Why are you so quiet?
I remember the question from my childhood – over and over and over. It is a question that hurt me beyond explanation. My only response would be wide eyes and the blinking back of tears. Perhaps the biting of my lip. ‘Why am I so quiet?’ Um, I’m not … I just can’t talk the way most people can.
Couldn’t. Today is a little different. But I’m not talking about today right now. This is how I used to feel …
Every day I had more words that I wanted to say. Every day they collected alongside my dam of emotions – just waiting for something or someone to help them out. It was like my voice box was frozen, I felt like there was a wall in my throat. Try talking with a tennis ball stuck in your throat, and perhaps you might understand.
I was never quiet. I simply found it very difficult to talk.
Where does selective mutism come from?
When I was four years old I was diagnosed with a little known condition called Voluntary Mutism. It was assumed that I was choosing not to speak in certain situations, because I spoke fluently at home with my family – but would not (could not) speak elsewhere. It wasn’t until 1994 that the name changed to Selective Mutism – as it became understood that people with this condition are not choosing to not talk. We are physically unable to speak in certain situations. My Mum has often told me how I would play happily with other children – there simply weren’t any words involved in my interaction with them.Rewind a few years, to a time when I was two years old. It was 1981. There was an economic crisis at the time; stress and worry affected many – and my family was certainly not immune! My brother was born, and four months later, my family and I moved to the big, strange city of Johannesburg. In our first six months, we moved house five times. Everyone handles stress differently. My brother let us know about it. I kept it inside.
We all handle stress and express anxiety in our own way
It is easy to make assumptions about where a condition may have emerged from. Perhaps there was one specific incident. Probably it was an accumulation. I have always been extremely sensitive to my surroundings – I can understand that my surroundings in 1981 would not have made sense to my two year old mind.
We are all different. Everyone is blessed with different challenges and experiences in their lives. Everyone reacts a little differently to everyone else when faced with their particular challenges and experiences. I don’t believe there is ever a ‘one size fits all’ explanation – but it is understood that selective mutism is an anxiety disorder.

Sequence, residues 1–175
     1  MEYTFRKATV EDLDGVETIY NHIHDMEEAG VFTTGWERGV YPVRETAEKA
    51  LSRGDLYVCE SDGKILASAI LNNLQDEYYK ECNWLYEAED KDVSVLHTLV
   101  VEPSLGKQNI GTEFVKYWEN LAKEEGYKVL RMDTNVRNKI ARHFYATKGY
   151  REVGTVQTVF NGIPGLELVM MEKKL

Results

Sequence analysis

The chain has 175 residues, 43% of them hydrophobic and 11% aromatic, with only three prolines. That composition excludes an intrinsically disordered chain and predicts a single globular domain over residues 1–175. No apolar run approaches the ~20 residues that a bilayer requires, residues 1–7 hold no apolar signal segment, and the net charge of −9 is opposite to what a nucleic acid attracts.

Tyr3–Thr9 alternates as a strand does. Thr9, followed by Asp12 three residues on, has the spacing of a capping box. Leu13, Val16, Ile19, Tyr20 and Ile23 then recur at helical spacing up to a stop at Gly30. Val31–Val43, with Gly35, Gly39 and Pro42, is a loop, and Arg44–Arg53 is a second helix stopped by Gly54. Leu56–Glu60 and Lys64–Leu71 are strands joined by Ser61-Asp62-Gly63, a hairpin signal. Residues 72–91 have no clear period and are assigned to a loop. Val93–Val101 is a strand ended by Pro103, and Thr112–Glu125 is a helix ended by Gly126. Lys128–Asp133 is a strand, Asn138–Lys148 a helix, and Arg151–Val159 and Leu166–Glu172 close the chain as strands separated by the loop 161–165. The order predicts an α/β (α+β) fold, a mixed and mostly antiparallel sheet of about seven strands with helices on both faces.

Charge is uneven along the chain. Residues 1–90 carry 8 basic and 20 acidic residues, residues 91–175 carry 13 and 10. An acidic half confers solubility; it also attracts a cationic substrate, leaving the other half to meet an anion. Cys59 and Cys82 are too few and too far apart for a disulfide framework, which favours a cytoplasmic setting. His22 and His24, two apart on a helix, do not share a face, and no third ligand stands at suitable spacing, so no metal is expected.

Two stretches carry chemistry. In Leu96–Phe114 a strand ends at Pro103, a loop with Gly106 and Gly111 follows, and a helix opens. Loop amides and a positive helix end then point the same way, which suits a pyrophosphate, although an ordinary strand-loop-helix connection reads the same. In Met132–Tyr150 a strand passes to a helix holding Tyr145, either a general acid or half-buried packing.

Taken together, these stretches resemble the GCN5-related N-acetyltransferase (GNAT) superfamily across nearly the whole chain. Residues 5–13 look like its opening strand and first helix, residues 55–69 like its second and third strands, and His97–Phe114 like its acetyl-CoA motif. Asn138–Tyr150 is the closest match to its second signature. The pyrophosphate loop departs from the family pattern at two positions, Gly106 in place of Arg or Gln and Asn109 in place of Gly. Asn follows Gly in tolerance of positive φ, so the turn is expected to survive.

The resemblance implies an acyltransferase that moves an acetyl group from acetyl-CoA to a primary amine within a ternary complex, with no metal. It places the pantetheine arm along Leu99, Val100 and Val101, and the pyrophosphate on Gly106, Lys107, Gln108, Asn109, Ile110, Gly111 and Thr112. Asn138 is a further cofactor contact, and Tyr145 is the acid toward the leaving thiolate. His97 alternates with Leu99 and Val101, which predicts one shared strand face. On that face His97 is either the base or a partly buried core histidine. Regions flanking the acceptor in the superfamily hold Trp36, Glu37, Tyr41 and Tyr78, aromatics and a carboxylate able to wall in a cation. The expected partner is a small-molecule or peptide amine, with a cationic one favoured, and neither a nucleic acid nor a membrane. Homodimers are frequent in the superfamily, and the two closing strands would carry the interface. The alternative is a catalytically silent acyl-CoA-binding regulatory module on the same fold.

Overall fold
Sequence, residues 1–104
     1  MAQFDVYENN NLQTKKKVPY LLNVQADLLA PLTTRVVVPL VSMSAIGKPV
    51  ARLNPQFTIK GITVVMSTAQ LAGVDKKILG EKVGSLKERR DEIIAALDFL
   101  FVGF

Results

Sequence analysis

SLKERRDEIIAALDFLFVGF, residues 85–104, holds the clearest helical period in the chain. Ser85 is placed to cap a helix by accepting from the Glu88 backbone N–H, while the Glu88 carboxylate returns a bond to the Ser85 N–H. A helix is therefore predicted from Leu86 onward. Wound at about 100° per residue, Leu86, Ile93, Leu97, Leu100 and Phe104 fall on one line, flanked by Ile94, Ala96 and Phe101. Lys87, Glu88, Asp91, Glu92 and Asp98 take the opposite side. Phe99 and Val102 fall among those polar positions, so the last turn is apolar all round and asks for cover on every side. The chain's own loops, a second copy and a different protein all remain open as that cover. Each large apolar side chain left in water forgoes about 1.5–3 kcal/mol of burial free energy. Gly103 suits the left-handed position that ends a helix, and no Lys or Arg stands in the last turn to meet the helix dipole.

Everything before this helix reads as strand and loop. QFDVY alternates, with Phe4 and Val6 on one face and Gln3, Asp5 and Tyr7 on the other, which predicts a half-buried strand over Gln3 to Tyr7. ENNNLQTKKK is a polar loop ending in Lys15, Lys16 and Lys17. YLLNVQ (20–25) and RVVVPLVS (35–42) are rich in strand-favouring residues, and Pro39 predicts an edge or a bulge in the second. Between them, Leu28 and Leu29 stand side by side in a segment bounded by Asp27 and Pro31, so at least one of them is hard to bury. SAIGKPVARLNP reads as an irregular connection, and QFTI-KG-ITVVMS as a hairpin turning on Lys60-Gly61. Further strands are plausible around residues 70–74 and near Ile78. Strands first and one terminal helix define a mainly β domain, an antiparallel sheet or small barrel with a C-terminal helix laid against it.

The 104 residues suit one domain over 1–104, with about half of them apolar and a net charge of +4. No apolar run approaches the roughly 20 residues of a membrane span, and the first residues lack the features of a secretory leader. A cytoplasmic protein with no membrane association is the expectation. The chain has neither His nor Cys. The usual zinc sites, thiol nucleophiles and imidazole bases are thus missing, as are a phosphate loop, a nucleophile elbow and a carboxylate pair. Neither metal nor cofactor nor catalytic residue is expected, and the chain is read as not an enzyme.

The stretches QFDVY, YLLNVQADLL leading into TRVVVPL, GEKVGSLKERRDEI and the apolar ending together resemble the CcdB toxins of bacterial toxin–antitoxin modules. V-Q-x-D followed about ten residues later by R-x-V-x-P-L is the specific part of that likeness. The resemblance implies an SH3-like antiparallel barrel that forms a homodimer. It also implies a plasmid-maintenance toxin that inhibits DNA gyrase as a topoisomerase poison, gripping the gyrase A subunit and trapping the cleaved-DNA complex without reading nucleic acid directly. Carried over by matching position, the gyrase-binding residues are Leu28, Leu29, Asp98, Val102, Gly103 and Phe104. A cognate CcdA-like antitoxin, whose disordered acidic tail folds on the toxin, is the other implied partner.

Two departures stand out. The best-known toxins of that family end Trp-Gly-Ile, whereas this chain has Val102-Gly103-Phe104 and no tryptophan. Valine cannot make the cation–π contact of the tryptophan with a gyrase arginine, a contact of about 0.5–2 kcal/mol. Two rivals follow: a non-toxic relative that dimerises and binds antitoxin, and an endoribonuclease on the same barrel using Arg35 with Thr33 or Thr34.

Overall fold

A family history of anxiety, or exposure to anxiety and stress at a young age are probably going to increase the odds of developing selective mutism. However, it is not an exact science – and I am certainly not qualified to say too much about what might cause selective mutism. All I can tell is my own experience. I will reveal more of this over the coming month.
Love and acceptance
For now, I will leave you with a simple piece of advice. If I have learnt anything through my life it is that Love and acceptance are the most precious gifts you can give to any child. Let them be who they are right now. Let the person they are right now help them grow into who they will become. Sometimes we all go through challenging times – it is what helps us to grow and develop as people.
We cannot tell a child how they should behave or react in any given moment. When we do, we stifle their natural expression. If a child’s natural expression right now is frozen, we need to help them to find it. Telling a child what we want to see or hear will not help them to find their words. Helping them to feel accepted and loved will.
If you know a child, teen or adult with selective mutism, I hope I can help you in some way. Perhaps it will be nice to know you are not alone. I wish you luck in your journey – and hope you can grow through it as much as I have!
In this blog, among other things, I explore selective mutism in depth from my own experience. There is very little currently understood about selective mutism – and although I am not qualified to provide answers, I can certainly provide the perspective of someone who felt different, alone and misunderstood for a big chunk of my life. Today, these feelings (and many more!) have developed and I have been able to embrace the strengths that they contained.
Please comment below if you, too, have been able to grow as a person from a challenge you have faced in your life.
If you like my thoughts and ideas, maybe you might like JANX, journals for children and adults to help relieve anxiety. Please have a look at my current campaign to fund their production …